the house is warm even in freezing winters

The amount of clay is about 20% of the volume of firewood. It is the mortar base that turns a simple pile of firewood into a solid wooden wall. In order for the clay to be warmer and not crack, it is mixed with finely chopped straw, adding 10-15% of the volume of the clay and mixing thoroughly.

The construction of a wooden house foundation is simple: a simple mortar base can be made by pouring layers of liquid mortar, which penetrates well into any cavity.

The depth of the foundation should not exceed 1 m, since wooden frame walls are much lighter than brick and have high resistance to subsidence. A length of 40-50 cm is optimal, as it is enough to keep the house warm in cold winters.

The firewood laying technique is simple, but care and precision must be taken to lay the firewood on the mortar with minimal space. There is a little technological secret to keep the wall warmer. This is because the clay and straw mortar is laid in two parallel grooves rather than in one continuous layer.

This creates a layer of air in the clay, which prevents joints from freezing and thermal bridges from forming. When laying corners, the technique of gluing wooden beams together should be used in the same way as for traditional masonry in order to increase the strength of the entire structure.

The house measures 9×9 m, on one and a half floors. I built it with 40 cm clay logs. The walls were laid side by side so that each row overlaps another row of walls at each corner. The cladding consisted of one board every 50-70 cm. This was also used for levelling.

It took 3 rows of firewood to lay the wall (all at the same time). Not anymore – the clay wouldn’t have had time to dry and the upper rows would have displaced the logs of the lower rows.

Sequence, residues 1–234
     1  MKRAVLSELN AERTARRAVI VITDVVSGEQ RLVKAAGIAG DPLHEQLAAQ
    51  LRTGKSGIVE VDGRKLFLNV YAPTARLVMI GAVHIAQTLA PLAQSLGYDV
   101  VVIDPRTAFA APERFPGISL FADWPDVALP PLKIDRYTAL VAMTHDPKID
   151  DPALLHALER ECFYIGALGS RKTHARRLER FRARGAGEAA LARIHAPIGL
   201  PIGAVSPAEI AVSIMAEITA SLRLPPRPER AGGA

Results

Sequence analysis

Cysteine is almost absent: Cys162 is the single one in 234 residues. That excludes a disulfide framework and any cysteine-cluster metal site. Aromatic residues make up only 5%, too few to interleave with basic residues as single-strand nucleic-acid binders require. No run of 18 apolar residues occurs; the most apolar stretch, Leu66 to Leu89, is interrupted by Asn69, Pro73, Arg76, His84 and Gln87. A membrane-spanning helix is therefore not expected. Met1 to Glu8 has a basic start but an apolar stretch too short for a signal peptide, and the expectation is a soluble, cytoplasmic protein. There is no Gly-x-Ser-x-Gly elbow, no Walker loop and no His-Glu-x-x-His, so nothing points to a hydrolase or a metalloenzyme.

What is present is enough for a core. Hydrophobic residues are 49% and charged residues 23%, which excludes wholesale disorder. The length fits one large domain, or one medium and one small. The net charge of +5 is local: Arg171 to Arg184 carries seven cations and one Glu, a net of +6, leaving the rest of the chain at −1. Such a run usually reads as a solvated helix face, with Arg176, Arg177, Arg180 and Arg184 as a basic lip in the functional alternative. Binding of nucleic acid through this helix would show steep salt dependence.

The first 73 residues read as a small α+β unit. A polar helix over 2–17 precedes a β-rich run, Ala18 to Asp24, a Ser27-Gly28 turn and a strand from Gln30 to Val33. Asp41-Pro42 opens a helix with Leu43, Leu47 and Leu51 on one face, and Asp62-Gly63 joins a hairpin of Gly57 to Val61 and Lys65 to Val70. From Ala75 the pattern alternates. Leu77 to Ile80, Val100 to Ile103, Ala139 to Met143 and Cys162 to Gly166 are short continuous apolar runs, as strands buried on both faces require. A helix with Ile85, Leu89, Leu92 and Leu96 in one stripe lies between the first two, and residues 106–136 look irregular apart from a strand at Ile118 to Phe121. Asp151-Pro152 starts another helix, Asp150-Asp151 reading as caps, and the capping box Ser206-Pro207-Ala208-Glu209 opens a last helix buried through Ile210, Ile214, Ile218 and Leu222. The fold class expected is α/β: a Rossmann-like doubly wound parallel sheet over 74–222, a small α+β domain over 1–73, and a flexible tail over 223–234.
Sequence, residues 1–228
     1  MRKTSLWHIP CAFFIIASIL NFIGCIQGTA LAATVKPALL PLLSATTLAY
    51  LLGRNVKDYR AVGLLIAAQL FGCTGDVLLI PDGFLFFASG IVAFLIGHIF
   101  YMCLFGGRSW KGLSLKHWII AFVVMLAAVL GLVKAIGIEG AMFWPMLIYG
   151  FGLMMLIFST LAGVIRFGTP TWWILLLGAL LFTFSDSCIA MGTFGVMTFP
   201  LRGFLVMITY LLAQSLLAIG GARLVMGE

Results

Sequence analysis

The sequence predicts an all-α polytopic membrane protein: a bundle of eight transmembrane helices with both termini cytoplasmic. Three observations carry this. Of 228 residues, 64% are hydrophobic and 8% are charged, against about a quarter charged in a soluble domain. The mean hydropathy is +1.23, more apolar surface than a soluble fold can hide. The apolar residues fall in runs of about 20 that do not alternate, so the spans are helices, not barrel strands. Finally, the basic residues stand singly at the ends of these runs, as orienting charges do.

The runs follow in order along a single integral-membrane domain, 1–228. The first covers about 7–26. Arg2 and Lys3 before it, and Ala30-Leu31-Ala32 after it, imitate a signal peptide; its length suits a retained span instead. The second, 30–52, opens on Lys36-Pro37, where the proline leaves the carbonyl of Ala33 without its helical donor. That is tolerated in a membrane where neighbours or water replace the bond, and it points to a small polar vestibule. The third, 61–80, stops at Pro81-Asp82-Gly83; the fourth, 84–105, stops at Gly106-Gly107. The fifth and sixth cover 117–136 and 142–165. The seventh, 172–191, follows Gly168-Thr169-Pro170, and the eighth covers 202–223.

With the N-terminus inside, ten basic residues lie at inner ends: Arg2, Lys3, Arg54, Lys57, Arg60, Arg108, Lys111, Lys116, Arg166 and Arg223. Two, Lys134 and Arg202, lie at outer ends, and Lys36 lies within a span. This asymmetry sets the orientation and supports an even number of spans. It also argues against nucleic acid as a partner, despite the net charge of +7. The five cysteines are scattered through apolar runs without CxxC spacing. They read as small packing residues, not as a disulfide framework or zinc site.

It is not written anywhere that the walls should be made of boards (formwork, a technology similar to yew). Shields of three boards were made along the entire length of the wall, both inside and outside. These are mobile.

They are bolted to the finished wall from below. At the top is a 41cm spacer to maintain wall thickness and reject longer logs than necessary. The same boards are used to measure the verticality of the walls.

For windows and doors, I cut frames to the width of the wall (200×100 boards), which are cut on site to fit the masonry.

Since the wall of my house is 9m high, there is a 5th wall in the middle of the house (a 150 x 150 wooden frame). The ends of the wood are recessed into the walls.

The first floor ceiling (beams), one end of the beams is on the frame of the 5th wall, the other on the wall. Of course, the joists are in the plank under the wall on each floor (the full length of the wall). This year we had to stop at the ground floor. The frosts have started – the water freezes in the morning and we cannot climb the wall”.

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